There is always something interesting that you can shoot on the new MRT photo ride


PHOTOGRAPHY does not have to be limited to the usual genres such as landscape, portrait, macro, etc. New photo interests can always be explored.

The newly-opened Phase 2 of the MRT Sungai Buloh-Kajang line, for example, offers plenty of photo opportunities.

I had the opportunity to explore some of the stations with my friends two months ago.

Initially, I had no clue on what to expect of this new transportation line as I did not really follow the development phase of the project. But as I stepped into the stations and took the ride, I was surprised to see the wonders there.

In this article, I would like to share some of the images I managed to take during off-peak times with fewer commuters around. I hope this will give you some idea on what to shoot when you take an MRT ride in the future.


1. THE LIGHT PATH:

The station exit point is another great angle for photos. I found this interesting angle as I was about to exit one of the stations. To get this effect, I placed my camera between the escalators and overexposing the exit/entrance. The dimmer surrounding with bright exit/entrance made it easier to get the intended result.


2. DECORATIVE WALL:

Next to the 14-point star is the long decorative wall of the Rukun Negara. I took this image using my fisheye lens for a unique appeal. I used the line of the wall at the centre as a guide to place my camera to make sure the image is balanced.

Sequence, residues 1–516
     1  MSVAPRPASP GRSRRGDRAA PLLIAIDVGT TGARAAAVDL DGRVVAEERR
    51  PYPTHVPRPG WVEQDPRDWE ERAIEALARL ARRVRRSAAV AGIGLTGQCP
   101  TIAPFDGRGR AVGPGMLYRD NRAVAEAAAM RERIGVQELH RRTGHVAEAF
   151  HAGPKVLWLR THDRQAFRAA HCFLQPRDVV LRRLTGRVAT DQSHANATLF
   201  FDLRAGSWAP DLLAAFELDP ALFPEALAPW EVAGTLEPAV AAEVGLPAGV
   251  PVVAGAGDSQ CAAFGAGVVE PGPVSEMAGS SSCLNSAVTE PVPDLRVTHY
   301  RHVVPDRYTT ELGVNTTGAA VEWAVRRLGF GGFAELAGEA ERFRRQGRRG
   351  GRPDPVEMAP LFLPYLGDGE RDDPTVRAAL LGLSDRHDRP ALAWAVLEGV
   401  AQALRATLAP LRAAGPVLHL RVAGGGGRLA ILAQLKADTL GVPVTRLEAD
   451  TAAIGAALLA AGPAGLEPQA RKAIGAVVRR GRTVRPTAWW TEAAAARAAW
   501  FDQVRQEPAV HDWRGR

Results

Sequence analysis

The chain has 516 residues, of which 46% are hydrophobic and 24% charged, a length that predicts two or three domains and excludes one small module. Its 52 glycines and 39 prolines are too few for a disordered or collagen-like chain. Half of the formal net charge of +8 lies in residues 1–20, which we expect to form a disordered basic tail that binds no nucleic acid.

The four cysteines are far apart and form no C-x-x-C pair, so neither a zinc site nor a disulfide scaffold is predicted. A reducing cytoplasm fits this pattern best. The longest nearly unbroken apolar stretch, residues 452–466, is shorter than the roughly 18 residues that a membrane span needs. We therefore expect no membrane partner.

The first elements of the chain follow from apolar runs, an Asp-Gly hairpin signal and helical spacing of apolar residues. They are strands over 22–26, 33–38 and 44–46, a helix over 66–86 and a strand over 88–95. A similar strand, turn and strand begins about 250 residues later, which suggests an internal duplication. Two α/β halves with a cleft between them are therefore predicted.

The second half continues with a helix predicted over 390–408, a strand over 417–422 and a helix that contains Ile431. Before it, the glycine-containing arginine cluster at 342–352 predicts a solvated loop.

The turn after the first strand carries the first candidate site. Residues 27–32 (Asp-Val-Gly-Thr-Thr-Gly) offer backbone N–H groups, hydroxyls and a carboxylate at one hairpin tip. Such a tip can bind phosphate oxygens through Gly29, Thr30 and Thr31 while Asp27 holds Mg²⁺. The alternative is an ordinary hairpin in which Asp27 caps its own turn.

3. TUNNEL EFFECT:


Civil engineering and construction group Ahmad Zaki Resources Bhd has secured an additional package worth RM288.5 million for Line 2 of the Klang Valley Mass Rapid Transit project, also known as the Sungai Buloh – Serdang – Putrajaya Line.

Many love to take photos inside the underground tunnel. However, for a change, try getting one outside instead. Look for the sound barrier structures and you can see the difference and the effects it can offer here. You need a Neutral Density (ND) Filter to do the job as it is almost impossible to do a slow shutter, especially outdoors. An additional polariser filter will help to reduce reflection of the window. Use a mini tripod to keep the camera stable for a slow shutter speed like this at 0.8 second. Otherwise, just place your camera near the window frame. For a better view, go to the windscreen at the front.


4. SYMMETRICAL:

There are many spots where you can take this kind of image. I chose the symbolic 14-point star of the Malaysian flag at the Merdeka Station. I managed to take this image by placing my camera at a low angle at the centre of the station, near the stairs. I tilted up the lens a bit to the ceiling to get this view.


5. CEILING WONDERS:

I took this photo by shooting straight up to the ceiling at the Tun Razak Exchange Station. Designed with Islamic corporate theme, it features unique artwork. Try using a standard lens, such as the 50mm for a less distorted image.

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